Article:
When I entered film school freshman year, I had two things on my mind that I would come out being a pro at: writing and directing.
Every film major at CU Denver is required to take three writing courses, two during your first year, then the second usually during your third. As I wrote throughout my freshman year, my teachers generally liked what I did.
There is only a single directing class required for FITV majors, with the option to take an advanced acting and directing class later. Students must also take an acting class before they can take directing. My freshman year, none of these classes were on my horizon and I ended the year having directed nothing.
Sophomore and the beginning of junior year, I took the acting and directing classes. I learned a lot, though only got to direct a little. I still worked on projects I neither wrote nor directed, but I worked with two people who’ve become my closest friends, so I enjoyed the projects much more.
Then, finally, during Spring 2020 semester, I got my chance. A script of mine was chosen to be a part of the webseries that the junior class of the FITV program produces every year. I was also allowed to direct the episode. When the day finally came for me to direct, I felt completely relaxed in a way I hadn’t before.
Only because I’d spent my previous five semesters learning about and performing all the other duties involved in filmmaking was I able to have the confidence and knowledge to direct without being afraid of it. It became my favorite day of film school, but only because I had anticipated it for so long.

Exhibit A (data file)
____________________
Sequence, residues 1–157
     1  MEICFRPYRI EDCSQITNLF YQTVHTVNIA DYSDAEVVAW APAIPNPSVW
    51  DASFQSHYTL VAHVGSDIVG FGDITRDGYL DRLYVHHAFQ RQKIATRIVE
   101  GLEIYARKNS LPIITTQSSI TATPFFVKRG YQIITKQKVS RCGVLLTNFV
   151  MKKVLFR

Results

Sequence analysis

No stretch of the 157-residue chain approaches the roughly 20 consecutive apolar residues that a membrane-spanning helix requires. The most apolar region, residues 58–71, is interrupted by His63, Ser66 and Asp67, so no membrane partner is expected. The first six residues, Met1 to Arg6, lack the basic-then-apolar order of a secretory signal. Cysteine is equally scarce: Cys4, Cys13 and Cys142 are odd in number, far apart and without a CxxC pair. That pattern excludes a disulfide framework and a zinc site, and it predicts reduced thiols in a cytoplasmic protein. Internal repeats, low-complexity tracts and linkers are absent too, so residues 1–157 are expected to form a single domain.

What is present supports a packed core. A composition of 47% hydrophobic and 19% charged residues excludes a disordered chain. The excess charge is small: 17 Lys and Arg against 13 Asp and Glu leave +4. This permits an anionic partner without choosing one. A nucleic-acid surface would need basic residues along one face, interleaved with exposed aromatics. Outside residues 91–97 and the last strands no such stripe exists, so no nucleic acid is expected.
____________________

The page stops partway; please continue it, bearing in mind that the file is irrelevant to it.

Whether I want to admit it or not, performing all those other roles for as many months forced me to be humble and respect all the other positions I didn’t want to perform. Then, when I finally did step on set as director, I knew no one position was better than the other. Everyone was just as important and I couldn’t swagger around acting as if I was better than anyone else.
Just because you don’t get to do what you want at first, doesn’t mean you won’t get to eventually. It’s important simply to learn as much as you can in your time at CU Denver or any other school. Chances are that learning whatever you can about other facets of your area of study will make you better at what you want to specialize in.